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March 15, 2016
Neilson Barnard/Getty Images for SXSW

The Obama administration has announced it will not allow oil drilling off the southeast Atlantic coast following pressure from communities ranging from Georgia to Virginia. President Obama had previously planned for offshore drilling, but drew criticism from environmentalists.

The reversal of the decision has raised many eyebrows. "If this is true, it's a great day for the Atlantic coast, our beaches, and the coastal economy that depends on it," Rachel Richardson, the director of the drilling program at Environment America, told The New York Times before the announcement was confirmed. "This moment has come because Atlantic coast communities, businesses, and citizens have all spoken up to protect their beaches, treasured marine life and President Obama listened."

Obama's efforts to create a more environmental legacy will likely irk Republicans looking to expand drilling, however. "If the Atlantic is taken out, that means there's less of an opportunity to invest in the U.S., and those dollars will flow overseas, and we'll hear more and more of that in the presidential election," President of the National Ocean Industries Association Randall Luthi said. Jeva Lange

4:56 p.m. ET

Gen. Joseph Dunford, the chairman of the Joint Chiefs of Staff, addressed the media Monday regarding the deadly ambush on Army soldiers in Niger. Four U.S. service members were killed in the Oct. 4 attack, when Dunford said American forces were ambushed by nearly 50 local militants who were likely affiliated with the Islamic State. Five Nigerian soldiers also died in the battle.

Critics noted information about America's presence in Niger had been scarce, prompting Dunford to acknowledge that "we owe you more information." He confirmed that there are roughly 800 U.S. soldiers stationed in Niger — the highest contingent in a single African country — who are working "as part of an international effort, led by 4,000 French troops, to defeat terrorists in West Africa." The U.S. military has maintained a presence in Niger "off and on" for nearly 20 years, Dunford added.

Among those killed was Army Sgt. La David Johnson, and President Trump's condolence call to Johnson's widow has been a source of controversy over the last week. Watch a portion of Dunford's press conference below. Kimberly Alters

3:11 p.m. ET

The Tennessean's sports columnist, Joe Rexrode, was one of 139 passengers aboard Delta flight 1474 when it lost one of its engines en route to Cleveland from Atlanta on Sunday. In a gripping account of the episode, Rexrode recalls being paralyzed by what to write to his wife and kids in the face of what he believed was certain death (the plane ultimately made an emergency landing in Knoxville, Tennessee).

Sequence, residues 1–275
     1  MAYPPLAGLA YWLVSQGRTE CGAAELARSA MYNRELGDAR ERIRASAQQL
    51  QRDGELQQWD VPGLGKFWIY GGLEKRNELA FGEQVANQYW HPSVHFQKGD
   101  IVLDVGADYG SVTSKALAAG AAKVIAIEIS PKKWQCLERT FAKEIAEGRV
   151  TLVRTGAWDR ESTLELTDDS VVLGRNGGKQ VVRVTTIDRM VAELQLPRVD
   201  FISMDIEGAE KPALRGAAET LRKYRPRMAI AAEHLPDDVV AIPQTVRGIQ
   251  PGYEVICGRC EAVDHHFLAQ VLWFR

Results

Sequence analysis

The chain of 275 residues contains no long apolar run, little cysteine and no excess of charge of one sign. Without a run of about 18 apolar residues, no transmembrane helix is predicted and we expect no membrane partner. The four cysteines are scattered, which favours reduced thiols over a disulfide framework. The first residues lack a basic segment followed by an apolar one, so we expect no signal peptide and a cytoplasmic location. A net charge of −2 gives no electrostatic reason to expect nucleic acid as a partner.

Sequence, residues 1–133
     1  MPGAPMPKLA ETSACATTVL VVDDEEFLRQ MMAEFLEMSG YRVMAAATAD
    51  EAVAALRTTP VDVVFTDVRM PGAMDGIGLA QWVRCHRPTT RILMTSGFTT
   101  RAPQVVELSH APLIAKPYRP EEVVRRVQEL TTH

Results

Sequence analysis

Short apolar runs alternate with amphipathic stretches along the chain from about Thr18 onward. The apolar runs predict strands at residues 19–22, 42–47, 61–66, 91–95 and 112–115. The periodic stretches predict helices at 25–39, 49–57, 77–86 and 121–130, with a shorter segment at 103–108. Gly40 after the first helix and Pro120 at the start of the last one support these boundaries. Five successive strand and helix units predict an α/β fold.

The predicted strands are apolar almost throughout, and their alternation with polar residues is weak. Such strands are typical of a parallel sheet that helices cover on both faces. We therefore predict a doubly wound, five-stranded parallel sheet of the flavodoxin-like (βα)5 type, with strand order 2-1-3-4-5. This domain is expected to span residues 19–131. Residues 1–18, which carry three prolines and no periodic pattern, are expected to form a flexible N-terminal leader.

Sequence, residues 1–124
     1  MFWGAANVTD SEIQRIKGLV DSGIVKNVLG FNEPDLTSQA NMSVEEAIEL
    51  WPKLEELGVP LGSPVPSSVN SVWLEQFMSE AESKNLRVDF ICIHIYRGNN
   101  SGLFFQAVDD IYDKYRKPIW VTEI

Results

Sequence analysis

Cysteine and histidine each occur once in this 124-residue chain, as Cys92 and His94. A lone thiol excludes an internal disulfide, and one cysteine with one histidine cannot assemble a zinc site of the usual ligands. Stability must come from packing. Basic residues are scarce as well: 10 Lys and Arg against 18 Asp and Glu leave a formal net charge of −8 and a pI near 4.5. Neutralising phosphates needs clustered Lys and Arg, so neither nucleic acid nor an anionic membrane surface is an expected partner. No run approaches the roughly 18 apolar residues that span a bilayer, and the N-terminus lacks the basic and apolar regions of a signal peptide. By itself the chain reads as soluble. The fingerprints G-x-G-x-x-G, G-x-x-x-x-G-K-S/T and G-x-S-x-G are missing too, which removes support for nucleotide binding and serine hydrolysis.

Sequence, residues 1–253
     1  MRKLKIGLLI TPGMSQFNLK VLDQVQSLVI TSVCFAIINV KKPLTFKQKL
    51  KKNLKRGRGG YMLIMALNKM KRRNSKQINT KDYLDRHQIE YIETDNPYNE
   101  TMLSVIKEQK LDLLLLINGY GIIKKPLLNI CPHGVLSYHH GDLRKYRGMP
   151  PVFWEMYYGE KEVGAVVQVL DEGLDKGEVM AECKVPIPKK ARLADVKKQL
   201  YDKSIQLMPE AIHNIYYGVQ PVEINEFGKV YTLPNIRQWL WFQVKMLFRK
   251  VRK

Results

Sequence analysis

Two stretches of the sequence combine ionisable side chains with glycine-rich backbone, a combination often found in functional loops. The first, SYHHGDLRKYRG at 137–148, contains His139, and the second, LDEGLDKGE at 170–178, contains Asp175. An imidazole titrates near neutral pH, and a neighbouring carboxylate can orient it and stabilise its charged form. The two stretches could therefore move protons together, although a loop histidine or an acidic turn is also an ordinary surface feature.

"[T]he engine on the right side of the plane blew, creating a loud, awful screeching noise and a worse, burning smell in the cabin," Rexrode writes. "The plane wobbled and dipped, not like a typical instance of turbulence. The flight attendants looked as stunned as everyone else — my eyes went directly to them after the jolt — and quickly wheeled the drink cart back to the front of the plane and gathered near the cockpit. They started looking through an emergency manual. I'm no expert, but I'm thinking that's not a great sign."

Rexrode goes on:

It felt like the plane was going down, and below us were mountains. And then it got worse. Another loud, awful noise, followed by silence and the feeling that we had no more engine propulsion in the air. It's the most quiet I've ever heard a plane. At that moment, I thought the other engine was gone. The only sound among 139 people was a couple of them whimpering and a couple of young children babbling.

That's the first time in my life I've been certain I was going to die. [The Tennessean]

Read Rexrode's full account — including what he morbidly decided would have been the subject line in a last email to his wife — at The Tennessean. Jeva Lange

3:05 p.m. ET

Drudge Report's Matt Drudge called for a public questioning of President Trump on Monday in a tweet:

Special Counsel Robert Mueller is probing Russia's attempts to influence the 2016 election. As of Friday, Trump claimed "nobody [has] asked me" to be interviewed, although Politico has reported that the president's legal team may choose to offer an interview of Trump's own volition. "There has — there is no collusion I can tell you that," Trump recently told Fox Business Network's Maria Bartiromo. "Everybody's seen that. You know, you have Senate meetings, you have Senate hearings, and nobody has asked us to do interviews anywhere. They have found no collusion."

Mueller has interviewed a number of officials close to Trump, including former White House Chief of Staff Reince Priebus and ex-Press Secretary Sean Spicer. Of particular interest to investigators is Donald Trump Jr.'s meeting with a Russian lawyer at Trump Tower last year, and Trump's alleged involvement in putting together a misleading statement about the substance of the discussion that took place, CNN reports. Read more about the intrigue of Drudge's Twitter feed at The Week. Jeva Lange

2:07 p.m. ET

Jemele Hill returns to SportsCenter on Monday night, her first appearance on The Six, which she co-hosts with Michael Smith, since being suspended for two weeks over a second violation of ESPN's social media guidelines.

Hill was suspended after responding to the news that Dallas Cowboys owner Jerry Jones told players they would be benched if they kneeled during the national anthem. She tweeted on Oct. 8 and 9 that "change happens when advertisers are impacted" and urged a "boycott."